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Foreground-Background Scheduling

• Last Updated : 01 Apr, 2021

The scheduling is basically divided into 2 categories First is Clock-Driven Scheduling and one is Event-driven scheduling. The Clock-Driven scheduling algorithms are those algorithms in which interrupts that are received by a clock helps to determine the scheduling point and these are FCFS, Round Robin, etc. In an Event-Driven algorithm, the events help to determine the scheduling point. The Event-Driven is further divided into 3 types first is Simple priority-based, second is Rate Monotonic Analysis (RMA) and the third is Earliest Deadline First (EDF).

Foreground-Background Scheduling lies under the first type of the Event-Driven algorithm i.e. Simple priority-based. In this algorithm, 2 waiting lists are maintained one is Foreground and another one is Background. At first, every process enters on the Foreground list for its execution and stays there for a small period of time for its execution until the threshold time limit is reached, after this if the process is incomplete then that process enters in Background waiting list where it will be executed only when the foreground list is empty and in Background waiting list Round Robin scheduling algorithm is used to execute the process.

So, according to the above procedure, The priority of the Foreground list is higher than the Background list and the threshold time of the Foreground is shorter than the Background list. Usually in the Foreground list process is allowed to use 2 quanta after that it will send to Background and in the background, the process will get 4 quanta to complete all its work and if the process is still incomplete then it gets back to the end of the Background list and wait for its turn to get 4 quanta again and this process gets repeat itself until the process completes its work. This algorithm helps in those cases where it is necessary to execute the process just after its creation.

Working of Foreground-Background Scheduler :
Foreground-Background Scheduler follows the following steps for scheduling real-time tasks:

1. Step-1:
2. Step-2:
Foreground tasks are given the highest priority and background tasks are given the lowest priority.
3. Step-3:
While scheduling foreground tasks, at all scheduling points highest priority is considered.
4. Step-4:
5. Step-5:
Among the background tasks, the same scheduling rules are followed as in foreground tasks.

Completion Time for Foreground Tasks :
As earlier mentioned, foreground tasks include the periodic tasks therefore their completion time is the same as their absolute deadline.

Completion Time for Background Tasks :
When all the foreground tasks all scheduled only after that background tasks are scheduled. When any foreground task is being executed, background tasks await.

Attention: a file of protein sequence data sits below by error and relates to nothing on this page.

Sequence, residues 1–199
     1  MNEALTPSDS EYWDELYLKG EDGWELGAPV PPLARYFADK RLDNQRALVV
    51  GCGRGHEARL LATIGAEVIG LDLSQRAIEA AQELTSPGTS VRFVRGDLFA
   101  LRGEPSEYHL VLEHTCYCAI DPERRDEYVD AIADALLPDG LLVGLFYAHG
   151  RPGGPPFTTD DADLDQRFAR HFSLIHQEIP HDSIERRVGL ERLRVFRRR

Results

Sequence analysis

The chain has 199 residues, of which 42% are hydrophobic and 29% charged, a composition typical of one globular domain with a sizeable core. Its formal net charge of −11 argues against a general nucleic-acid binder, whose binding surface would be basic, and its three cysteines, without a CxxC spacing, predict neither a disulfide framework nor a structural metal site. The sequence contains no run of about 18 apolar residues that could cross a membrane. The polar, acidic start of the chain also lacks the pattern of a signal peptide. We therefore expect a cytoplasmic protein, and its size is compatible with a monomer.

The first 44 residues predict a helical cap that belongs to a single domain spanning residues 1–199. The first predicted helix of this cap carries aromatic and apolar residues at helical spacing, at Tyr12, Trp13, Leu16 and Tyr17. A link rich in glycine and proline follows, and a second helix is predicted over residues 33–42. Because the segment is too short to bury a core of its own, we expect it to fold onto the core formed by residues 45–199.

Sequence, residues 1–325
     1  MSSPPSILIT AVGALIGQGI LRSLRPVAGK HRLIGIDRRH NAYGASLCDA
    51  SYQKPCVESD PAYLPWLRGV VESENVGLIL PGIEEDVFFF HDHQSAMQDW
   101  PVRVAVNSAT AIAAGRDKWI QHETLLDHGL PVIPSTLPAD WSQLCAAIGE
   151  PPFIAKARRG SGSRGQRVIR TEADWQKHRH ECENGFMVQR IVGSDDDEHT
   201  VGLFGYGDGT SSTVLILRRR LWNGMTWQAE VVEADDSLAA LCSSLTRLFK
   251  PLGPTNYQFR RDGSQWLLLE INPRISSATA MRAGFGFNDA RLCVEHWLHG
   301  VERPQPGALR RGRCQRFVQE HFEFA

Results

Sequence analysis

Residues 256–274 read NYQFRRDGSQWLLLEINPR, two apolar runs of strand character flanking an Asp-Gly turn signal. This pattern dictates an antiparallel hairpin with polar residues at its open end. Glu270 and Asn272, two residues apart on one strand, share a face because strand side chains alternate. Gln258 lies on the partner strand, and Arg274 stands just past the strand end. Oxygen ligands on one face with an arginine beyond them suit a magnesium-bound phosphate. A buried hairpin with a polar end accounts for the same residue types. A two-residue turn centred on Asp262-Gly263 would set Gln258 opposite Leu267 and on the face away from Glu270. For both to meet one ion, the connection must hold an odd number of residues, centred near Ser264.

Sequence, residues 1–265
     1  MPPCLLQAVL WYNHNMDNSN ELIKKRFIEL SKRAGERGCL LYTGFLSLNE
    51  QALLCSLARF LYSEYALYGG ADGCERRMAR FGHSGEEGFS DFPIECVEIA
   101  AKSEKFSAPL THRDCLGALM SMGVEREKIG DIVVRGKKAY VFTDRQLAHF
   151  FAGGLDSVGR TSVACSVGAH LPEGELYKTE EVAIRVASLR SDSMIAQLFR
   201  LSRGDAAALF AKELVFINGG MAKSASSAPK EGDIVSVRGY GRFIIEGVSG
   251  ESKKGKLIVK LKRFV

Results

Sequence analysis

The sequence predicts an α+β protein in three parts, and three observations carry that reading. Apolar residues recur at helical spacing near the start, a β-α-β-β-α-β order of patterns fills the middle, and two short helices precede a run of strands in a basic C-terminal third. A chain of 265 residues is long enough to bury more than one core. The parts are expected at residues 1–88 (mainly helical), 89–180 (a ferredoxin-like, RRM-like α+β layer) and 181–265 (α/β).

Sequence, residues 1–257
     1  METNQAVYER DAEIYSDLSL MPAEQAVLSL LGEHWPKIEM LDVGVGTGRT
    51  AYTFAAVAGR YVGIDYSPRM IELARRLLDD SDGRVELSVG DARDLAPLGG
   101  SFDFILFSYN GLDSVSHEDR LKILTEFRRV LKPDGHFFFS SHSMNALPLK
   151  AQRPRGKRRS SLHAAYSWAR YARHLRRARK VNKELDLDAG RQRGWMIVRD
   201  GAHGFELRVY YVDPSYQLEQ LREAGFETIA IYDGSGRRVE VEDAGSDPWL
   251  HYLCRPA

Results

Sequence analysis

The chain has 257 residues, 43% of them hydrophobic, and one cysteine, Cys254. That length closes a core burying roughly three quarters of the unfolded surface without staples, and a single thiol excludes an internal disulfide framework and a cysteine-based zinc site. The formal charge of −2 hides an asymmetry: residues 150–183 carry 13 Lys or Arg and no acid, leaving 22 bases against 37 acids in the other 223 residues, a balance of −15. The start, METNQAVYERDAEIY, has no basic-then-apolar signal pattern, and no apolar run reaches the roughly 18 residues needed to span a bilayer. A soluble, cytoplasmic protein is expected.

Let Task Ti is the foreground task, and Ei is the amount of processing time required over every Pi period.
Hence,

`Avg. CPU utilization for Ti is Ei/Pi `

`T1, T2, T3, ..., Tn `

Then Total avg. CPU utilization for foreground tasks,

`= (E1/P1) + (E2/P2) + ... + (En/Pn) `

Therefore, the avg. time available for execution of background tasks in every unit of time is,

`1 - (E1/P1) + (E2/P2) + ... + (En/Pn) `

Let Tb is the background task, and Eb is the required processing time, then
Completion Time for background task (CTb),

`= Eb / ( 1 - (E1/P1) + (E2/P2) + ... + (En/Pn) ) `

Example:
In a real-time system, tasks are scheduled using foreground-background scheduling algorithm, Tf is only foreground task with Ef = 100 ms and Pf = 200 ms, there is one background task Tb whose Eb = 500 ms.
The Completion Time for the background task

```CTb = Eb / (1 - Ef/Pf)
= 500 / (1 - 100/200)
= 1000 ms```

Therefore, the background task will take 1000 ms to complete.

• Periodic tasks are given the highest priority.
• It preempts the execution of an ongoing tasks for incoming higher priority tasks.

• Background tasks may go in starvation.
• Sometimes preemption may create havoc.

Examples:

1. Consider we have 3 tasks T1, T2, T3 in the foreground and T4 task in the background.

Compute the completion time for the T4 when its processing time requirement is 200 ms to complete.

(e1 / p1) + (e2 / p2) + (e3 / p3)

(5/20) + (10/25) +(15/50)

(25 + 40 + 30) / 100

95/100

The second task is to subtract 1 with the summation. So, that we get to know that how much average time is available for the background task in every unit of time

1 – (95/100)

5/100

And at last, we have to divide the eB by the above value

200/(5/100)

200*100/5

20000/5

4000

So, the total completion time of the background task is 4000 ms.

2. Consider 2 tasks one is in foreground T1 and another one is in background TB. The completion time for the background task TB is 3000 ms and the processing time required for TB is 1500 ms. Compute the required processing time for T1 when p1 is 100 ms.

Solution: given: ctB=3000 ms , eB=1500 ms , p1=100 ms

ctB = eB  / ( 1 – e1 / p1 )

3000 = 1500 / ( 1 – x / 100 )

2 = 1 / ( (100 – x ) / 100 )

2 = 100 / (100 – x)

200 – 2x = 100

2x = 100

x = 50

Required process time for T1 is 50 ms

Overhead during context switch between Foreground and background waiting list:

Fig: Overhead in Foreground Background Scheduling

Example. Consider a task T1 in the foreground and its e1 is 50 ms and p1 is 100 ms and a task T2 in the background its e2 is 2000. Compute the completion time for background tasks when the overhead of every context switch is 2 ms.

Solution: From the above discussion, It is observed that e1 becomes 54 ms.

2000 / ( 1 – 54 / 100 )

2000 / ((100 – 54 ) / 100 )

200000 / 46

4347.82

So, the completion time of the Background task is 4347.82 ms

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